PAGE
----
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Synaptic circuitry of the spinal dorsal horn: unmasking the cellular basis of chronic pain


   School of Psychology and Neuroscience

  Dr D Hughes, Prof A Todd  Applications accepted all year round  Self-Funded PhD Students Only

About the Project

Project Outline:

Chronic (persistent) pain affects approximately 20% of the global population, however, one in three of these patients do not respond to any form of treatments that are currently available. Our failure to offer effective pain relief for a significant proportion of the population not only presents serious welfare problems, but also serves to highlight how little is known about the anatomical, physiological and pharmacological basis of sensory systems in health and disease. Chronic pain can arise from the skin, from joints or from internal organs and in these projects, we will aim to identify circuits in the spinal cord that contribute to the development and maintenance of these conditions. These projects will use a variety of molecular, cellular and systems level techniques to study somatosensory circuits in rodent models and determine how these change in pathological states.

Summary aim: 

To identify spinal circuits implicated in the development of chronic pain from the skin, from joints and from internal organs.

Techniques to be used: 

A variety of molecular, cellular and systems level techniques will be used, including

  • recovery surgical techniques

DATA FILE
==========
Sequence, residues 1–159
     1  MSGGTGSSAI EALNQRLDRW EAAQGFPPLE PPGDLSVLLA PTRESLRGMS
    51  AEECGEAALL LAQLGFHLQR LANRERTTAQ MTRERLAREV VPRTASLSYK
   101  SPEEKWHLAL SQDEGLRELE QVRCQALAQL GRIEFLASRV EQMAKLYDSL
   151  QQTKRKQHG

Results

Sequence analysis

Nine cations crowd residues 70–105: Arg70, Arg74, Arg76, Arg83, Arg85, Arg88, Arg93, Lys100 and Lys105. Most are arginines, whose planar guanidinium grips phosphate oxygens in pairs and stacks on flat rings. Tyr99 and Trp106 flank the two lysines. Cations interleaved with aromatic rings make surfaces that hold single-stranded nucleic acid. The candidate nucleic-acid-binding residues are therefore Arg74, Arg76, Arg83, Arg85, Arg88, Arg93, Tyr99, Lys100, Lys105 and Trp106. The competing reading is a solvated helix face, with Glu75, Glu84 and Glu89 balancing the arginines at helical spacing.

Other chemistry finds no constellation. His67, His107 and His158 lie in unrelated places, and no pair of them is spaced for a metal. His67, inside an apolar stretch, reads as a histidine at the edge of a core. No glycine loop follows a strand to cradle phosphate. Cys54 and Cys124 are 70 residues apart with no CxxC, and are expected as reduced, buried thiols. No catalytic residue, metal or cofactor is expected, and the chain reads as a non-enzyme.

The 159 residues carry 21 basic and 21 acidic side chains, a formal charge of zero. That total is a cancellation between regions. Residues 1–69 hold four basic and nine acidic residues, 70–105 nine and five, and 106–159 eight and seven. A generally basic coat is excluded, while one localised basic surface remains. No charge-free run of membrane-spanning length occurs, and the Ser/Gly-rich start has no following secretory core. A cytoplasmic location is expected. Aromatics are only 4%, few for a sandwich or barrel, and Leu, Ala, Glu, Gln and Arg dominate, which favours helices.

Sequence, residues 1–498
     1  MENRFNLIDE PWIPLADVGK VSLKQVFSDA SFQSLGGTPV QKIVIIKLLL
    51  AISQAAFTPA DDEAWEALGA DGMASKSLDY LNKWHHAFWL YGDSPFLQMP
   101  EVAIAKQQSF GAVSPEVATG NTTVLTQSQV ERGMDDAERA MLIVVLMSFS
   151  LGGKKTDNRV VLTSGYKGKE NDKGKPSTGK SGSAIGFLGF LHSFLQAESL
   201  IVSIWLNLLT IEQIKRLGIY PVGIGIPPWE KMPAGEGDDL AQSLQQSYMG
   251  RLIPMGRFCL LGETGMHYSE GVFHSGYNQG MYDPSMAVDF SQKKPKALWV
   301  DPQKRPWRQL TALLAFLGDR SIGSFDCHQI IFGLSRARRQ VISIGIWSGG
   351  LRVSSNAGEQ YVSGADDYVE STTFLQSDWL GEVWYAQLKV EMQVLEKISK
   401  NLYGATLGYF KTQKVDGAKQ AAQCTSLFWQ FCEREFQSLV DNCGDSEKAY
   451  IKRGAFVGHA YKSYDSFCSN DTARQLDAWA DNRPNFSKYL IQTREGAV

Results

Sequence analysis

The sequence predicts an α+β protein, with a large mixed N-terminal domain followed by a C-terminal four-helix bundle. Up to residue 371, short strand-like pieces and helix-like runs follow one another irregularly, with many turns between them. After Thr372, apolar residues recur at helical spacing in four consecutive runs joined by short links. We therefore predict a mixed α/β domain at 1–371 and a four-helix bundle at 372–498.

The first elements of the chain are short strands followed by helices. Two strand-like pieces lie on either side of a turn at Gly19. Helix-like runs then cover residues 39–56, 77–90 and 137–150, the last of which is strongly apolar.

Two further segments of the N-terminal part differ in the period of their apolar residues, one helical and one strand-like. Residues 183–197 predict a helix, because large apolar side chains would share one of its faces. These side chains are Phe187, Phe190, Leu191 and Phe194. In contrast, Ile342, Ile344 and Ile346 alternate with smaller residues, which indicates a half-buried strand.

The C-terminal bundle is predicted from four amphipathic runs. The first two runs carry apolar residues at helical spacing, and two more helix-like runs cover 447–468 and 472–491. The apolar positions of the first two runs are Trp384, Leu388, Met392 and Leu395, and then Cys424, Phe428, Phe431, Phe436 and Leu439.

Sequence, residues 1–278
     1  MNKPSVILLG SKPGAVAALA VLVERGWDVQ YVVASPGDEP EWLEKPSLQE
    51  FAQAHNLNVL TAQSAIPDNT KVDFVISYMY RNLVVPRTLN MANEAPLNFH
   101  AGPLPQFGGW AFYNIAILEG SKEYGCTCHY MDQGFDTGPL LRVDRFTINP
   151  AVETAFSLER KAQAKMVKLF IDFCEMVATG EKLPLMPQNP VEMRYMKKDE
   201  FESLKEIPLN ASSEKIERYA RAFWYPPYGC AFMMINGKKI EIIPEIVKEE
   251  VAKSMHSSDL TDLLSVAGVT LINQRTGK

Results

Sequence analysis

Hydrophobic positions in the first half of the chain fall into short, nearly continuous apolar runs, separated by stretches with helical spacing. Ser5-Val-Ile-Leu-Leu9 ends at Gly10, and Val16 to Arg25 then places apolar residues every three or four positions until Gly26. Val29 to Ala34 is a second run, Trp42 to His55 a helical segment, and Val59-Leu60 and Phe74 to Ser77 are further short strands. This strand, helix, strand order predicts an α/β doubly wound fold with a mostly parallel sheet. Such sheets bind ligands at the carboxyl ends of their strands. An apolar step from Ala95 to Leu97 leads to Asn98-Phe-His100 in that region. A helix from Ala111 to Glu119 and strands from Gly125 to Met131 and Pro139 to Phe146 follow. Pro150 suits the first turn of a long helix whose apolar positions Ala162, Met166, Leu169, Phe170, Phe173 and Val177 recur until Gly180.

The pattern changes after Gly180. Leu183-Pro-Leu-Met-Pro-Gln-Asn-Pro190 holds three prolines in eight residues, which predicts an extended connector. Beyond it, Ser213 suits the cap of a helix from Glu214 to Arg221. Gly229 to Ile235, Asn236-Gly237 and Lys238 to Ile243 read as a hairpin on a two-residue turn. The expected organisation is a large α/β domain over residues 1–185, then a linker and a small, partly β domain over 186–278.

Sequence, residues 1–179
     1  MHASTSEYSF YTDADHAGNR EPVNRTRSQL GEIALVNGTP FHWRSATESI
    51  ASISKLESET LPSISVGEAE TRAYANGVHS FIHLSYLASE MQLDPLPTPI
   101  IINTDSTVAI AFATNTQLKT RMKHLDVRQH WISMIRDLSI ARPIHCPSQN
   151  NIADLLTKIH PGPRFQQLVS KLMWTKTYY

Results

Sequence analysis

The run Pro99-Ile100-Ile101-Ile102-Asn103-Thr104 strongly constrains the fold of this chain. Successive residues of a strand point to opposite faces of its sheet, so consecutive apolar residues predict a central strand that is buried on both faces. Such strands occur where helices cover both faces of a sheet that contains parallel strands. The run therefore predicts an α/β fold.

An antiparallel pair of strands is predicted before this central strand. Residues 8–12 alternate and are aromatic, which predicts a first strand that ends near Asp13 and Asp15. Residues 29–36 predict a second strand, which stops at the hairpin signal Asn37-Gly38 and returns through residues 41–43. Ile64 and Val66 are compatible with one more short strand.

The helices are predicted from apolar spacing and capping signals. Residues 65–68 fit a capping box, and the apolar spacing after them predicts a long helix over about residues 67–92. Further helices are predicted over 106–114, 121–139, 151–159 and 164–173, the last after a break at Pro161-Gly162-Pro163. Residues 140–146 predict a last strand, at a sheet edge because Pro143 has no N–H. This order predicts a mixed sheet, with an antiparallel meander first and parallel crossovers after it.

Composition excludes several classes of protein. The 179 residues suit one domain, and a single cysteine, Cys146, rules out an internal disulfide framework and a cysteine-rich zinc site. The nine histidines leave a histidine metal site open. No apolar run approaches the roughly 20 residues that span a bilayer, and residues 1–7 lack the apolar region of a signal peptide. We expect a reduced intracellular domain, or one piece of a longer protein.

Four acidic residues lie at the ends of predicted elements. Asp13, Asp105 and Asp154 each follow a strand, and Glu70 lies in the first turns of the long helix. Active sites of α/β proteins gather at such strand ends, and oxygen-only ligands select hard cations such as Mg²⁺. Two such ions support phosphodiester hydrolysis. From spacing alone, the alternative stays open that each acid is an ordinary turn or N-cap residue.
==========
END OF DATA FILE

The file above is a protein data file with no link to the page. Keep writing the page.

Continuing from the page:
• optogenetics, chemogenetics and targeted silencing
  • behavioural testing
  • general histological techniques and immunocytochemistry
  • confocal microscopy
  • transmission electron microscopy
  • image analysis using dedicated software (eg Neurolucida for confocal, Neurolucida Explorer, Meta Morph and Image J)

Apply Now


References

Hughes DI and Todd AJ. (2020). Inhibitory interneurons in the spinal dorsal horn. Special issue on Pain: Aligning New Approaches to Accelerate the Development of Analgesic Therapies. Neurotherapeutics 17: 874-885. (doi: 10.1007/s13311-020-00936-0)
Boyle KA, et al., (2019). Defining a spinal microcircuit that gates myelinated afferent input: implications for tactile allodynia. Cell Reports 28:526-540.e6. (doi: 10.1016/j.celrep.2019.06.040)
Abraira VE, et al., (2017). The cellular and synaptic architecture of the mechanosensory dorsal horn. Cell 168: 295-310.e19. (doi: 10.1016/j.cell.2016.12.010)
Smith KM, et al., (2015). Functional heterogeneity of calretinin-expressing neurons in the mouse superficial dorsal horn: implications for spinal pain processing. Journal of Physiology 593: 4319-4339. (doi: 10.1113/JP270855)
Hughes DI et al., (2012). Morphological, neurochemical and electrophysiological features of parvalbumin-expressing cells: a likely source of axo-axonic inputs in the mouse spinal dorsal horn. Journal of Physiology 590: 3927-3951. (doi: 10.1113/jphysiol.2012.235655)
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